The Volvo XC90 is Business Insider’s two thousand fifteen Car of the Year
Volvo is one of those brands that have stiffly embedded themselves in the American consciousness. For a time in the 1980s and 1990s, you could just look at folks from a certain demographic and say, “Yep, drives a Volvo.”
The Swedish carmaker’s boxy, no-nonsense vehicles appealed to unpretentious, no-nonsense people. And they drove them until the wheels fell off, which they almost never did. In some parts of the country there are well-preserved, 30-year-old Volvo 240s gladfully humming along with over one million miles on the odometer.
But the carmaker’s own trajectory hasn’t been fairly so constant. Volvo was wielded by Ford until the financial crisis hit, forcing the American carmaker to sell the brand to shore up its core business.
The crisis among US automakers coincided nicely with the explosive growth of China’s car industry, and so a natural buyer emerged. China’s Geely Holding Group witnessed a uncommon chance to pick up an international brand and swept in.
When Geely took control of Volvo in 2010, critics of the $1.Five billion deal were nosey whether it would end in tears. After all, Chinese companies have had a relatively poor track record integrating their foreign acquisitions. Many were worried Geely would meddle with the special Swedish sauce that made Volvo such a special brand for its fans.
Instead, Geely took a hands-off management treatment, retained Volvo’s existing engineering and manufacturing setup, and even sought to accentuate the brand’s Swedishness. At the same time, the Chinese hard gave Volvo the $11 billion it needed to develop its next generation of cars, engines, and technology.
So many things could have gone wrong. None did.
And this year, Volvo refuted any notions that it was undergoing some kind of identity crisis under Chinese ownership вЂ” with one car.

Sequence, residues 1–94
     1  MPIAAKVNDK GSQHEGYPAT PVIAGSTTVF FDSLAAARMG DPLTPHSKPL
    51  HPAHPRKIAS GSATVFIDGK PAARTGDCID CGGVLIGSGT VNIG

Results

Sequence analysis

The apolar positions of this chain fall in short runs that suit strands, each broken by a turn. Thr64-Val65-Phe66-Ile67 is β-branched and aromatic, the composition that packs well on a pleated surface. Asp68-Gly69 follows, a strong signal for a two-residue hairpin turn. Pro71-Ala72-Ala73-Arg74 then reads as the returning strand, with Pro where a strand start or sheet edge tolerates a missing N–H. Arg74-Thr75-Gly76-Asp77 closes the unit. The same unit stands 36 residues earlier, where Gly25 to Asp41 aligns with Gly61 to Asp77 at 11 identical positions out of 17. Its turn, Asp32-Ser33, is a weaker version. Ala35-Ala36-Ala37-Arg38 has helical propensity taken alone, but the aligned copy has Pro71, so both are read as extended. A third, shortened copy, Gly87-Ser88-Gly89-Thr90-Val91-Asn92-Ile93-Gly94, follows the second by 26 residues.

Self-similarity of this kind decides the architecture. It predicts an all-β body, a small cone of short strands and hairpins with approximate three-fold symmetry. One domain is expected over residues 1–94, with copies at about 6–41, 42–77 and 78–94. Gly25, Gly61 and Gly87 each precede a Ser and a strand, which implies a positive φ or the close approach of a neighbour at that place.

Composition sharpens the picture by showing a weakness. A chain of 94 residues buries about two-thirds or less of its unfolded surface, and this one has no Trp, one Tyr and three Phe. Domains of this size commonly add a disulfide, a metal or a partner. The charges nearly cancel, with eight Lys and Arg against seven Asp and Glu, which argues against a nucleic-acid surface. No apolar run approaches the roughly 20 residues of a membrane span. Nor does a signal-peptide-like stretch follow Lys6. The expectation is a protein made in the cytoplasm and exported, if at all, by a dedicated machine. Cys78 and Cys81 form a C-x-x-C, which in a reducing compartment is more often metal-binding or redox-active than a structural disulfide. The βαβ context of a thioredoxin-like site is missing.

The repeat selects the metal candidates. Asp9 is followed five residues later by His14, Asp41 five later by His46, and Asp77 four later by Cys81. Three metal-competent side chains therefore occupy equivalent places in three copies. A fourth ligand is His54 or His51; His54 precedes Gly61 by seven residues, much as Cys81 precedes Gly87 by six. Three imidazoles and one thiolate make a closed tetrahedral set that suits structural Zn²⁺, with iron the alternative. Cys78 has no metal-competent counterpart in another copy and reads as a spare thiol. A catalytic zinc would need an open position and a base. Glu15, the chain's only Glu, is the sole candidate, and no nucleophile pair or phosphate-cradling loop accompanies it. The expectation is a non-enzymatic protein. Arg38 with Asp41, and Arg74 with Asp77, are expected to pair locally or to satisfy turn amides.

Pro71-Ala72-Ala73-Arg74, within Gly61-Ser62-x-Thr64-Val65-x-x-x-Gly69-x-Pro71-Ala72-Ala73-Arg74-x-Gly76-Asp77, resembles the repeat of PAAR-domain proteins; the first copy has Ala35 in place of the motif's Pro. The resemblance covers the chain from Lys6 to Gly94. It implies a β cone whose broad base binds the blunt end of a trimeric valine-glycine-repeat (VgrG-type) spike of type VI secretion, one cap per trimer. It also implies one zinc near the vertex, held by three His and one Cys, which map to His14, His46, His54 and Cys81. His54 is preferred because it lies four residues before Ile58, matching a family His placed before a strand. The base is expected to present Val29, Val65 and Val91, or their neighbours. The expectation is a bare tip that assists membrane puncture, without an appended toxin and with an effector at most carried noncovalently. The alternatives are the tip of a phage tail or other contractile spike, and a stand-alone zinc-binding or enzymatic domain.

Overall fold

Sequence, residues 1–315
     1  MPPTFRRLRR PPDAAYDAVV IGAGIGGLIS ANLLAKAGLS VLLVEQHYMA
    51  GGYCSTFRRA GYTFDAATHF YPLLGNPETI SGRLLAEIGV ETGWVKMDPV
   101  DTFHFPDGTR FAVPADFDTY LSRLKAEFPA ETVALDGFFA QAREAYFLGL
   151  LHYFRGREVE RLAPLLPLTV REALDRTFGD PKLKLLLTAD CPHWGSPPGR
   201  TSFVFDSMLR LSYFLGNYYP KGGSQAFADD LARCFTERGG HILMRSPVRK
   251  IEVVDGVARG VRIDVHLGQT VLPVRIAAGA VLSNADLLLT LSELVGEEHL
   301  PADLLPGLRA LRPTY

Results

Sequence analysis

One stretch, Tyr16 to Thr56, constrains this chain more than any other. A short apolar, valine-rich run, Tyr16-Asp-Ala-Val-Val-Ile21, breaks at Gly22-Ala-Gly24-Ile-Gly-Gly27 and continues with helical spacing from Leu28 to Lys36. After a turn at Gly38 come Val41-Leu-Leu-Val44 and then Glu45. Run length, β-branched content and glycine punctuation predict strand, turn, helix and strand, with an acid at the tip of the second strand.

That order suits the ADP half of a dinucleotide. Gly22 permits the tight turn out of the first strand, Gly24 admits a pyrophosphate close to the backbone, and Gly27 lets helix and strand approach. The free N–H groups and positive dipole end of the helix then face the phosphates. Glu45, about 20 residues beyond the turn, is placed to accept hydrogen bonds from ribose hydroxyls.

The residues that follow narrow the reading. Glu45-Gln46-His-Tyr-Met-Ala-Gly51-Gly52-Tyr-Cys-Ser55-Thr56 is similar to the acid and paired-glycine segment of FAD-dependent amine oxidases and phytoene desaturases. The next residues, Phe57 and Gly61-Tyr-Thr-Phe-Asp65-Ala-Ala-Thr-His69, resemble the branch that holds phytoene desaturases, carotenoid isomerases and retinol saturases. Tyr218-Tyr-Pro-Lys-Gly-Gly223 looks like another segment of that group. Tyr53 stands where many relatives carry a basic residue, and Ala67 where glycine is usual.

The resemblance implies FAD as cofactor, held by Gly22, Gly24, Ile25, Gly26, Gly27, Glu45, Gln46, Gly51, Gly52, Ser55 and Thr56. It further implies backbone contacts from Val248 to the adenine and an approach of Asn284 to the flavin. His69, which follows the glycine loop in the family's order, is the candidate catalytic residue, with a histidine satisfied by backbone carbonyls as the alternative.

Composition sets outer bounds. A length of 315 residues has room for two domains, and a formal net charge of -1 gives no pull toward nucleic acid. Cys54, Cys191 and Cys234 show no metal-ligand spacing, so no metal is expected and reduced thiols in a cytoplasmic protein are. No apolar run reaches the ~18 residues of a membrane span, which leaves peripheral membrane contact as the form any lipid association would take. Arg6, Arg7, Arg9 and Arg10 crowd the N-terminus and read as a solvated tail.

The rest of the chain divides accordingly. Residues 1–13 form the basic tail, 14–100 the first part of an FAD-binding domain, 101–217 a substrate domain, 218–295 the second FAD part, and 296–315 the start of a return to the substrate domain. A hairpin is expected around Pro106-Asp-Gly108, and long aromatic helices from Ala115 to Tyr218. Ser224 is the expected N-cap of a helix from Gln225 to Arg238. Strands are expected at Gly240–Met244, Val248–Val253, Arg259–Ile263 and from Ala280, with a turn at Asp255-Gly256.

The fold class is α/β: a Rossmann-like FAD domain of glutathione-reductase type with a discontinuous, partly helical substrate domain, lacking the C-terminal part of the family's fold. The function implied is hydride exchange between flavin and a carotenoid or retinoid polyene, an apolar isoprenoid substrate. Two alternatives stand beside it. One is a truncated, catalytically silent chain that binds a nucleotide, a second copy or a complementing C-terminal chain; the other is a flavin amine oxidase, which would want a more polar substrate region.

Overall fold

We’re pleased to announce that the vehicle, the XC90 crossover SUV, is Business Insider’s Car of the Year for 2015.
Man, oh man, was the competition fierce this time around. The XC90 found itself up against the fresh BMW seven Series, the Audi S3 sports sedan, the Lamborghini HuracГЎn supercar, the McLaren 675LT track-ready supercar, and the Tesla Model X.
All in all, the XC90 is a fine successor to last year’s Car of the Year winner,В Chevrolet’s spectacularly good Corvette Stingray.
The Business Insider Car of the Year is chosen by Bisexual’s transportation team: Matt DeBord, Ben Zhang, and Bryan Logan, who took the XC90 on a long West Coast road excursion earlier this year. Only cars that have been driven by the reporters are eligible, and we consider everything from the driving practice to the story the car tells.
And it wasn’t an effortless decision. Matt вЂ” who, as the father of three and a former possessor of two Volvos, is actually an ideal customer вЂ” took some persuading.
In the end, tho’, it was a week spent sampling the car вЂ” in top-level “Inscription” trim, tipping the cost scales at almost $67,000 вЂ” in its natural environment, suburban Fresh Jersey, that made it a unanimous decision.